The Scottish Higher Education Funding Council has earmarked £120,000 to boost people management in universities and colleges in the coming year.
Institutions must draw up and monitor a human-resources strategy as a condition of the grant.
Shefc last year gave the sector £400,000 for improvements, and is set to work with the Scottish Heads of Personnel, Universities Scotland and unions to promote best practice and carry out research into equal opportunities for staff.
It expects every institution to have an overarching plan for people management by 2003, and to boost senior and middle managers' skills.
Shefc said institutions needed to maximise the potential of their staff, their most valuable resource, to continue being successful and that modernising management was crucial in delivering equal opportunities.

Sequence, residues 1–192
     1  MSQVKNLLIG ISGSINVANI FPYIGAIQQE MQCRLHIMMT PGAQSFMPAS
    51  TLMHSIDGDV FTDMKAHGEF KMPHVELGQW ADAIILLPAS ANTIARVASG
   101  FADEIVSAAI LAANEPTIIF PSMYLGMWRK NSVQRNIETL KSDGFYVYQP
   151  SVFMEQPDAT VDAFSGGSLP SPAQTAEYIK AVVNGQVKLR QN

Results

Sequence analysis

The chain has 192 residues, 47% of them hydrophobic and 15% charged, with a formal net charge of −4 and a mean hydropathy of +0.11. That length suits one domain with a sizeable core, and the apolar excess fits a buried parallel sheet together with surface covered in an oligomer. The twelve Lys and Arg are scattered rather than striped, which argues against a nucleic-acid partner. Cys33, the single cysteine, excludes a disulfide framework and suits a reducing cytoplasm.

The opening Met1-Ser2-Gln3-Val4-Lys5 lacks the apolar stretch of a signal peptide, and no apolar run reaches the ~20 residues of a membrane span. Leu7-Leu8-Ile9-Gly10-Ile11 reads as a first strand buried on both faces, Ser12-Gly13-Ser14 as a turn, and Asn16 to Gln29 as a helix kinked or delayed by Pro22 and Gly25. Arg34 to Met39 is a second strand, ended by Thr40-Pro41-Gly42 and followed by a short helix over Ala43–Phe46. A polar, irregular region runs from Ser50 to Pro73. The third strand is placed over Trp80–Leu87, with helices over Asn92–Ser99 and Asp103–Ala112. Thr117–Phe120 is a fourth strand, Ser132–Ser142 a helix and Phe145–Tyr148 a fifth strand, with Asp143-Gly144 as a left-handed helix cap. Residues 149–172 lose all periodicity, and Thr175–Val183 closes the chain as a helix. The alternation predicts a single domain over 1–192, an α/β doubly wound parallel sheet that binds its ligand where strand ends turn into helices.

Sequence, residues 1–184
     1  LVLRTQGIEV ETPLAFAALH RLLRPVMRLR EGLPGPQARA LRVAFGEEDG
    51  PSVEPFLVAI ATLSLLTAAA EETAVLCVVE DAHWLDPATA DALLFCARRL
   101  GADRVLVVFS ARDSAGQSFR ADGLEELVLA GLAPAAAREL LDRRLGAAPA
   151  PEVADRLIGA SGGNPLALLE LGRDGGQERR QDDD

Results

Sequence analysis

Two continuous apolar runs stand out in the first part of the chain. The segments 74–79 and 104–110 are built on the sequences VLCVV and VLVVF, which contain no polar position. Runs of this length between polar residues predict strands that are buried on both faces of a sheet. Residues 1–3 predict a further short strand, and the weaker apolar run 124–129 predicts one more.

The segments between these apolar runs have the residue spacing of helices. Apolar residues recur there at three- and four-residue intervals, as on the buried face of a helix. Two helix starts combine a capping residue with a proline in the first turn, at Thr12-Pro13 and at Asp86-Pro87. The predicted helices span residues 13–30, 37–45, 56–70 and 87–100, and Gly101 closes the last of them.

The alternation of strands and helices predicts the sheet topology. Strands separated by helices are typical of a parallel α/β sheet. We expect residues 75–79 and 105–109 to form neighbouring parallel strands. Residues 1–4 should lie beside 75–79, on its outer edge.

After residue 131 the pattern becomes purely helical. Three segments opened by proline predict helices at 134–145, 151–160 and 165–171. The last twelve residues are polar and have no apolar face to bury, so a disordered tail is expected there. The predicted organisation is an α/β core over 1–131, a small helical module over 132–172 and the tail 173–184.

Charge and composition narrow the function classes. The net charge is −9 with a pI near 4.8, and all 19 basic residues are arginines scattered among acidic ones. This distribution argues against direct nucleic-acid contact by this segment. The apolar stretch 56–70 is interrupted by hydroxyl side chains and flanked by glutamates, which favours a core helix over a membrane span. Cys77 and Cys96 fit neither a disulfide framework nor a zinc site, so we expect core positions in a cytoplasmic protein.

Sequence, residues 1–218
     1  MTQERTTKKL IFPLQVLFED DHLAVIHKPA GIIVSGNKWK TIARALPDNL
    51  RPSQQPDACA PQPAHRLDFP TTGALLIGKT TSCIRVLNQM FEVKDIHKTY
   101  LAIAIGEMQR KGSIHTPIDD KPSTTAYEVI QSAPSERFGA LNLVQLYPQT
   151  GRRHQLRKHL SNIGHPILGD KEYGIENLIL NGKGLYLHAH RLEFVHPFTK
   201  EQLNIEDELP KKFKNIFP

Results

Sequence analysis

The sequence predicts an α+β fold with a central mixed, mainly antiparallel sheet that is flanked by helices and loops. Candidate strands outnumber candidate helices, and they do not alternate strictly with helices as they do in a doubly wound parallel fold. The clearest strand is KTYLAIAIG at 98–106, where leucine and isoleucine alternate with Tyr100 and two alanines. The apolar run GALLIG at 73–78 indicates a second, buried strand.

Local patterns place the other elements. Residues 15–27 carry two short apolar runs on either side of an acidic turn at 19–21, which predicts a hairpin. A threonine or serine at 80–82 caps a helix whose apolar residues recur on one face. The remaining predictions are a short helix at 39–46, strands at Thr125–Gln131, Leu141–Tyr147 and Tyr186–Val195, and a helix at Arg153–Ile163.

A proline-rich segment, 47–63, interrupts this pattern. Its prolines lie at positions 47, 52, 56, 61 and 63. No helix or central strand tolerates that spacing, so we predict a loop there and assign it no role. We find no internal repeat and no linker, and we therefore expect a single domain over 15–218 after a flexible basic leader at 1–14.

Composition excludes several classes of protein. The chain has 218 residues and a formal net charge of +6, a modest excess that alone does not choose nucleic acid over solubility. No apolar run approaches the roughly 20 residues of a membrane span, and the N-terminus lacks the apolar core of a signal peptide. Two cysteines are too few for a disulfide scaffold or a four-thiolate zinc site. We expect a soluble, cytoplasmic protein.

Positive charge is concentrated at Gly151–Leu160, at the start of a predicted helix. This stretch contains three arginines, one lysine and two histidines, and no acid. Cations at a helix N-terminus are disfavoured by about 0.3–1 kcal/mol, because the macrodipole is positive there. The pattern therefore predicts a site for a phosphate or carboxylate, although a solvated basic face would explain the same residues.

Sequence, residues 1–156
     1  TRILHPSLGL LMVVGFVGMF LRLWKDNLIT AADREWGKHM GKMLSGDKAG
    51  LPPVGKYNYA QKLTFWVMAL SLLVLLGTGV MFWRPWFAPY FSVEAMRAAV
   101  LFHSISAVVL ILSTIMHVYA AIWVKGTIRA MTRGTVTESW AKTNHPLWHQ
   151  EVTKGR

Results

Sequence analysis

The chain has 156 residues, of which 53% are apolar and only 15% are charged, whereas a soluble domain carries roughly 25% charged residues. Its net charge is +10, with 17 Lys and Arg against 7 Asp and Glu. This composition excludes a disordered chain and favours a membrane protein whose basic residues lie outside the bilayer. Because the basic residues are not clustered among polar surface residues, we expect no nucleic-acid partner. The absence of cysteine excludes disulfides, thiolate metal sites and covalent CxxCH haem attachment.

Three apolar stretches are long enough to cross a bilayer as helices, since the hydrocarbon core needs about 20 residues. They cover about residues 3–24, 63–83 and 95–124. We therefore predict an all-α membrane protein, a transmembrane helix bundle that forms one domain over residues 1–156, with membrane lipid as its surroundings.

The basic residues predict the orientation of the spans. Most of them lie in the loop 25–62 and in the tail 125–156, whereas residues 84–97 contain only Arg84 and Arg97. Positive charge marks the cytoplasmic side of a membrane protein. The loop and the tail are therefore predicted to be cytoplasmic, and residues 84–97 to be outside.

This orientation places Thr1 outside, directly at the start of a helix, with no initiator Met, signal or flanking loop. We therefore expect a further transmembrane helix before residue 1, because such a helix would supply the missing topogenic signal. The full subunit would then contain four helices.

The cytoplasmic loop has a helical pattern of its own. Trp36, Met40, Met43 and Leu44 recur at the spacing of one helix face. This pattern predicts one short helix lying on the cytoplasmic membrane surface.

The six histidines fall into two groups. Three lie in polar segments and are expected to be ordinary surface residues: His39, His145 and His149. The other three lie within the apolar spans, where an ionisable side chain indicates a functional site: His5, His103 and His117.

But David Bleiman, Scottish official of the Association of University Teachers, said that while there was a mechanism to hold universities to account for developing and implementing better human-resource strategies, he felt two things were lacking.
"One is an easy one for Shefc to accomplish. That would be to compile and publish details of universities' HR strategies and outcomes, to facilitate benchmarking and monitoring by the unions," he said.
"The other one is much more difficult and the main responsibility rests with the government. That is to provide a significant real-terms increase in funding to meet the undoubted cost of closing the gender pay gap."
Mr Bleiman said another "massive issue" for institutions to tackle was new regulations on preventing less favourable treatment for fixed-term workers.